Research Article

Global atmospheric particle formation from CERN CLOUD measurements

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Science  02 Dec 2016:
Vol. 354, Issue 6316, pp. 1119-1124
DOI: 10.1126/science.aaf2649
  • Fig. 1 Measured and parameterized nucleation rates.

    Neutral, GCR, and pion-beam nucleation rates (J) are shown at 1.7 nm mobility diameter as a function of sulfuric acid concentration. Rates are shown at (A) 208, (B) 223, (C) 248, (D) 278, and (E) 292 K. The symbols show measured values of nucleation rates: circles for neutral (n) rates (ion-pair production rate q = 0 cm3 s1), triangles for GCR rates (q = 2 cm3 s1), and squares for pion beam (π) rates (q ~ 75 cm3 s1). The lines show parameterized nucleation rates (supplementary materials, section 8): solid lines for neutral rates, dashed lines for GCR rates, and dotted lines for pion beam rates. Gray symbols and lines indicate contaminant concentrations of NH3 below the detection limit of the instruments (supplementary materials, section 6), whereas colored symbols and lines represent measurements at NH3 concentrations indicated by the color scale. For clarity, the uncertainties on each data point are not shown, but the overall uncertainty of a factor of 2.5 on nucleation rate and a factor of 1.5 on [H2SO4] is shown separately from the real data in (A). The contaminant level of ammonia increases as temperature increases. This explains why the ionization effect without added ammonia at 292 K is smaller than that at 278 K and why the nucleation rates without added ammonia are similar at these temperatures.

  • Fig. 2 Modeled zonal and annual mean particle formation rates, per cubic centimeter per second, at 3 nm diameter.

    (A) Binary (H2SO4-H2O) neutral nucleation rate, (B) binary ion-induced nucleation rate, (C) ternary (H2SO4-NH3-H2O) neutral nucleation rate, (D) ternary ion-induced nucleation rate, (E) ion-induced fraction of inorganic nucleation, and (F) fraction of all nucleation from ternary organic nucleation (H2SO4-BioOxOrg-H2O). In (E) and (F), the model data are shown only where the overall mean nucleation rate exceeds 106 cm3 s1.

  • Fig. 3 Comparison of measured and modeled particle concentrations by latitude and altitude.

    (A) Measured 3-nm-diameter particle concentrations (fig. S17) (44). (B) Modeled particle concentrations (all processes). (C) Modeled particle concentrations including only primary particle emissions and binary neutral nucleation of sulfuric acid and water. Modeled particle concentrations in (C) are much higher than the concentrations that result from the binary-only pathway in the full model because the losses due to the condensation sink for these particles in the full model are higher than those in the binary-only model.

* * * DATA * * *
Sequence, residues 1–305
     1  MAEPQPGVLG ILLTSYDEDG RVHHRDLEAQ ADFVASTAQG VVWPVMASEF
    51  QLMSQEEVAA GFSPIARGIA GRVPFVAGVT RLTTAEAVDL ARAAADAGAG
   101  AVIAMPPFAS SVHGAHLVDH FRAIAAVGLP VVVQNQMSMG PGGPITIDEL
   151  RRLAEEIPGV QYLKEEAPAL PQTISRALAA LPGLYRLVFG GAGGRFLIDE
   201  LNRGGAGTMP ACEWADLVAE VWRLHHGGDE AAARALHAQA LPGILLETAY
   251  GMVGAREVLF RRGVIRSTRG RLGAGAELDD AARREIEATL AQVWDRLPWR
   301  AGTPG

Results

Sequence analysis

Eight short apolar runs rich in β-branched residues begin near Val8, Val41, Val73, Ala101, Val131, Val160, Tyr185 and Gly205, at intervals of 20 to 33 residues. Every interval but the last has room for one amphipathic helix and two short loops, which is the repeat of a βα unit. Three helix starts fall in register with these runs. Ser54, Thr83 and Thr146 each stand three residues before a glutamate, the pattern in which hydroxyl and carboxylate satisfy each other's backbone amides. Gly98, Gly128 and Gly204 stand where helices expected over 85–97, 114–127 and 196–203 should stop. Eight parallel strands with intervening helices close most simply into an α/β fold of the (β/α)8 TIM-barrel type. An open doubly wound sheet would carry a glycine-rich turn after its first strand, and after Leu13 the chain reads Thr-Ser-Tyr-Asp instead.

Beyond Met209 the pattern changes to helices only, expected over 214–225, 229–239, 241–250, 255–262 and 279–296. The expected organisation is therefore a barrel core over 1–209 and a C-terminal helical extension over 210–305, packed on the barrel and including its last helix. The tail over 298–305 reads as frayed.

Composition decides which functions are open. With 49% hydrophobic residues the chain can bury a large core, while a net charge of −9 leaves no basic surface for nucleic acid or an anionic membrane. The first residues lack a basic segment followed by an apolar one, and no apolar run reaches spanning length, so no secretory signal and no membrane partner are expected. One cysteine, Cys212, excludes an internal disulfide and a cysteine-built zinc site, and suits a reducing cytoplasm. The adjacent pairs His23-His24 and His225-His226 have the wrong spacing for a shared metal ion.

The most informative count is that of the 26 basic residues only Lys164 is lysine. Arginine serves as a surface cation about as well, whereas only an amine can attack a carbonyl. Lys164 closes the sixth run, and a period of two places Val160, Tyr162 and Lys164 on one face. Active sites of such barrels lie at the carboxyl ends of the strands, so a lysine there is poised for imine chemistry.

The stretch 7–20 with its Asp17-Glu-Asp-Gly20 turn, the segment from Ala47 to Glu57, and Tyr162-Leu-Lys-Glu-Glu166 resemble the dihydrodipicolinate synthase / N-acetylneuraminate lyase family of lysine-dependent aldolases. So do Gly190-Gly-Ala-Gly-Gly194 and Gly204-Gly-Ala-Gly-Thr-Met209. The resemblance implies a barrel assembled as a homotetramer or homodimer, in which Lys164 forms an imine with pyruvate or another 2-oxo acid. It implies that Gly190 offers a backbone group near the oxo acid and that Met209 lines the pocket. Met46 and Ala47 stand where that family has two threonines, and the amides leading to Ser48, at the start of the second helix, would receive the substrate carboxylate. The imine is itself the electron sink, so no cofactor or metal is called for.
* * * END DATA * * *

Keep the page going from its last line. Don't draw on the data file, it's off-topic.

• Fig. 4 Modeled present-day CCN concentrations and the effect of perturbations.

    Here hygroscopic particles above 70 nm diameter are used as a proxy for CCN. (A) Annual mean CCN concentrations at about cloud base altitude (915 hPa) (N 70, soluble particles with diameters greater than 70 nm). (B) Effect of changing the heliospheric modulation potential from solar minimum to maximum. (C) Effect of reducing ammonia concentrations to preindustrial levels. Perturbations are shown as percentage changes from the baseline shown in (A) where concentrations are higher than 5 cm3.

Supplementary Materials

  • Global atmospheric particle formation from CERN CLOUD measurements

    Eimear M. Dunne, Hamish Gordon, Andreas Kürten, João Almeida, Jonathan Duplissy, Christina Williamson, Ismael K. Ortega, Kirsty J. Pringle, Alexey Adamov, Urs Baltensperger, Peter Barmet, Francois Benduhn, Federico Bianchi, Martin Breitenlechner, Antony Clarke, Joachim Curtius, Josef Dommen, Neil M. Donahue, Sebastian Ehrhart, Richard C. Flagan, Alessandro Franchin, Roberto Guida, Jani Hakala, Armin Hansel, Martin Heinritzi, Tuija Jokinen, Juha Kangasluoma, Jasper Kirkby, Markku Kulmala, Agnieszka Kupc, Michael J. Lawler, Katrianne Lehtipalo, Vladimir Makhmutov, Graham Mann, Serge Mathot, Joonas Merikanto, Pasi Miettinen, Athanasios Nenes, Antti Onnela, Alexandru Rap, Carly L. S. Reddington, Francesco Riccobono, Nigel A. D. Richards, Matti P. Rissanen, Linda Rondo, Nina Sarnela, Siegfried Schobesberger, Kamalika Sengupta, Mario Simon, Mikko Sipilä, James N. Smith, Yuri Stozkhov, Antonio Tomé, Jasmin Tröstl, Paul E. Wagner, Daniela Wimmer, Paul M. Winkler, Douglas R. Worsnop, Kenneth S. Carslaw

    Materials/Methods, Supplementary Text, Tables, Figures, and/or References

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    • Materials and Methods
    • Figs. S1 to S21
    • Tables S1 to S7
    • Caption for Data S1
    • References

    Additional Data

    Data S1
    A table in comma-separated-value format containing the nucleation rates we use in our parameterization of inorganic nucleation is provided. It contains nucleation rate (in cm–3s–1), and the corresponding values of temperature, in Kelvin, sulfuric acid concentration in units of 106 cm–3, ammonia concentration in parts per trillion, ionization rate (cm–3s–1), and relative humidity (in %).

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